By Steve Johnson
As the U.S. economic recovery continues, shopper behavior is mixed: some shoppers have continued their frugal ways while others have begun spending again. The $23.3 billion home cleaning business has faced several years of challenges as a result of consumers’ ongoing efforts to shop more efficiently, including a 0.9 percent decrease in sales over the past year. Though the category is flat, IRI’s National Consumer Panel data shows that 99.6 percent of households purchase home cleaning products. On average, a single buyer completes 28 shopper trips and spends $231 per year on cleaning products. Despite stagnant sales, the home cleaning products industry contains numerous significant pockets for growth, particularly within private label and branded innovation.
During my recent Cleaning Products Conference presentation, “Making Cents of the Cleaning Products Shopper,” I spoke about some of the strategies and tactics that enable household cleaning and home care manufacturers to successfully identify, target and activate their value-oriented shoppers.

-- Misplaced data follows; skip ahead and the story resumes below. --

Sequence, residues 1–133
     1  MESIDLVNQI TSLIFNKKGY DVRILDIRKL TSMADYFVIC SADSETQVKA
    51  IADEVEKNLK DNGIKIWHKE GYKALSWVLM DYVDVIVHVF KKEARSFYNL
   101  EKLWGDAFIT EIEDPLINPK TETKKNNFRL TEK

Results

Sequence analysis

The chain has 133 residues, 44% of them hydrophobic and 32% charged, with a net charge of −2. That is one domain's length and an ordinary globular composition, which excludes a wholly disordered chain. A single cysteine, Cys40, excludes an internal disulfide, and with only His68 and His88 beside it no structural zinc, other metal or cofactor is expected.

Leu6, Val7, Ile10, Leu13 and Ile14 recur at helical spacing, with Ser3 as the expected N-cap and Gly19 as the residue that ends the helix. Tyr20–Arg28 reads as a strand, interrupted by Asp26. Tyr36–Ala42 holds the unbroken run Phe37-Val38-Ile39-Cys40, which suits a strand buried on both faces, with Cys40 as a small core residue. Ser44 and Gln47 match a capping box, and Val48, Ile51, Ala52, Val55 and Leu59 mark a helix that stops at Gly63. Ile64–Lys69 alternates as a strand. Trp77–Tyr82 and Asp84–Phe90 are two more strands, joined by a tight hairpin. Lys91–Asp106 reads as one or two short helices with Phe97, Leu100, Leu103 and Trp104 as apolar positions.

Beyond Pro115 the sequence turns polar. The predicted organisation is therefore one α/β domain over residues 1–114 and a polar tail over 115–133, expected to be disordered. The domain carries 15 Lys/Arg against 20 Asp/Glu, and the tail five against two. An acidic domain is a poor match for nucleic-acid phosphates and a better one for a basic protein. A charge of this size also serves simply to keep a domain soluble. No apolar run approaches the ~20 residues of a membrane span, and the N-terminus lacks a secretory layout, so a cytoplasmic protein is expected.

By understanding value shoppers’ behaviors and attitudes, home cleaning product manufacturers can make smarter decisions regarding what products to develop, how to determine assortment, pricing and promotion, and how to reach consumers along the entire path to purchase.
Value continues to remain critical to shoppers of household cleaning products, but delivering on the promise of value is complex. One proven strategy for conveying value is to promise multiple uses. For example, all-purpose cleaners appeal to shoppers since they can save money by purchasing one product rather than several. In fact, the all-purpose cleaner category saw a 22 percent increase in the past year, reaching $1.1 billion in total sales. Positioning cleaning products as sustainable is also an effective way to convey value.
There is plenty of room for innovation in the home cleaning product space, particularly for new products that deliver on three key macro trends: simplicity, wellness and excitement. Two product segments that have delivered on these key trends are laundry prewash additives and drop and go detergents. Laundry prewash additives have had a seven percent increase in sales over the past year, while drop and go detergent had an astounding 22 percent increase in sales.
Making sense – and cents – of the cleaning products shopper begins with conveying value, finding pockets of growth within private label and branded innovation, and gaining a deep understanding of the highest value shoppers. Brands that fully comprehend their best shoppers’ behaviors and mindsets will be ideally positioned to reach their target audiences efficiently and effectively along the path to purchase.
If you’d like a copy of my presentation, “Making Cents of the Cleaning Products Shopper,” contact IRI.Marketing@iriworldwide.com.